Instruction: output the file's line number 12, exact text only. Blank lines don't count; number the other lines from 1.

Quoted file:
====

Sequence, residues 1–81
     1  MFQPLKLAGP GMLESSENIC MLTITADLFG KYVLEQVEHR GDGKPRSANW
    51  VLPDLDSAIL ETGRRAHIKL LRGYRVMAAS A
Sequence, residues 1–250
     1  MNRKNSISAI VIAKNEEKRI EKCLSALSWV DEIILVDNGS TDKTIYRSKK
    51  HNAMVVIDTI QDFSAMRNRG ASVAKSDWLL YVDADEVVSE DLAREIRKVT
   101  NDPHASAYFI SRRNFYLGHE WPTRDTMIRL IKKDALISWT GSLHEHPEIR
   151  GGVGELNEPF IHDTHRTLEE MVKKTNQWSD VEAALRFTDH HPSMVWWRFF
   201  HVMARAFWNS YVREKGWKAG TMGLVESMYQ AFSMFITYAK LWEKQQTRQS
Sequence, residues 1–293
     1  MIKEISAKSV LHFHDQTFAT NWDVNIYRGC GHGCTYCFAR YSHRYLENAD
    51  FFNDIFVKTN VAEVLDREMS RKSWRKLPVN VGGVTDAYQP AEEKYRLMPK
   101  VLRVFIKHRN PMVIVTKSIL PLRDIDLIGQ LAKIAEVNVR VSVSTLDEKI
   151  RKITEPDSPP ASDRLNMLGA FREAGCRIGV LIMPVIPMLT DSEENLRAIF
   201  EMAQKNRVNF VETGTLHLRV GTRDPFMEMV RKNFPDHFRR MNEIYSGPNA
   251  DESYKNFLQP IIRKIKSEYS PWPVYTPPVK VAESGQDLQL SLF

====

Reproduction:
    51  FFNDIFVKTN VAEVLDREMS RKSWRKLPVN VGGVTDAYQP AEEKYRLMPK